We were filled with excitement and anticipation, not really knowing what to expect from our first encounter with these beautiful, intelligent creatures. Now, maybe being from the "Flipper" generation, we expect too much. Or maybe we've heard too many "Swimming with the Dolphin" stories, in which a dolphin laughs and plays with the human, twirling around them, developing a close personal relationship, sometimes even healing them from terminal diseases. We wanted, at the very least, a good dolphin diagnosis, but what actually happened as we first encountered them was that they just swam by, not even seeming to notice us, and then quietly submerged. Still and all, the excitement of being that close, even for a moment, and of hearing their fantastic calls to each other -- the perpetual high-pitched sound of squeals and squeaks, was enough to render us weak in the knees. Thankfully we didn't really need our knees at the moment.
We were in the water for about an hour, and it seemed the longer we swam quietly and waited, the more they became accustomed to us. We came quite close to a number of them, including small groups of young. No spontaneous healings occurred that we know of, other than that overall sense of incredible well-being and pure joy that accompanies such rare moments. It set the tone for the rest of the day, relaxed and open to the things around us.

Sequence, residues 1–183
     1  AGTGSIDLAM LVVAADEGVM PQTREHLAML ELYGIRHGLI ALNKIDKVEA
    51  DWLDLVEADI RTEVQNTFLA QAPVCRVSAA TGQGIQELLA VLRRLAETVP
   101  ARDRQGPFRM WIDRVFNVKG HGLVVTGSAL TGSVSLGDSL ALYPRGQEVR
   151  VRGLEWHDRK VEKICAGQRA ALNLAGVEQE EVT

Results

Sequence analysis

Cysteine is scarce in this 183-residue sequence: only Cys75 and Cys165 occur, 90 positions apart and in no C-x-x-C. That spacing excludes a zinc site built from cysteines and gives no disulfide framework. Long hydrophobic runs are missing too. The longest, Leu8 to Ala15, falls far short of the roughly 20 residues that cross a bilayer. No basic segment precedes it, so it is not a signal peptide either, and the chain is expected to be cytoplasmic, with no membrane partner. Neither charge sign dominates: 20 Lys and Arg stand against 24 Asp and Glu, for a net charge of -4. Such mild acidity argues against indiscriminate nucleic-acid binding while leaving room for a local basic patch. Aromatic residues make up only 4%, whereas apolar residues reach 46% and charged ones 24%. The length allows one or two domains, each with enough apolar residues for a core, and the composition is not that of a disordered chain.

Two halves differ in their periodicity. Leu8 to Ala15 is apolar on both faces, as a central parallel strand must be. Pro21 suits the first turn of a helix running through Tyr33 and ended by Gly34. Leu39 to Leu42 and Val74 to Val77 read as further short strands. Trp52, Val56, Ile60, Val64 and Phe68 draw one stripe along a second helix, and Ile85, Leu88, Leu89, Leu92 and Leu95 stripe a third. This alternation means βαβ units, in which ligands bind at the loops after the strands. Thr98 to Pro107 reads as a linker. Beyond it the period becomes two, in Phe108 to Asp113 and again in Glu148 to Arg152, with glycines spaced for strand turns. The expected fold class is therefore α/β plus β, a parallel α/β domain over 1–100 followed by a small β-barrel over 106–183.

And how does one segue to the rest of the day after such a beginning? Well, home made coconut banana bread helps, so we started with that. A little while later Michael and Gloria came by to deliver a few books for us to peruse on the Marquesas (the Spanish spelling, just to confuse you) and I joined them on a short trip to Hapatoni. Charlie's Charts calls the village of Hapatoni "one of the friendliest and most attractive in the island group." I haven't seen the entire island group, but I did find it delightful -- a charming, well cared-for village built along the rocky shore. We stopped at the little magasin (store) and scoped out potential supplies: lots of giant cans of butter from New Zealand, liter-sized bottles of warm Coca Cola, piles of mosquito coils, a big freezer box full of ice creams, and all the usual canned foods, including the ever-present corned beef.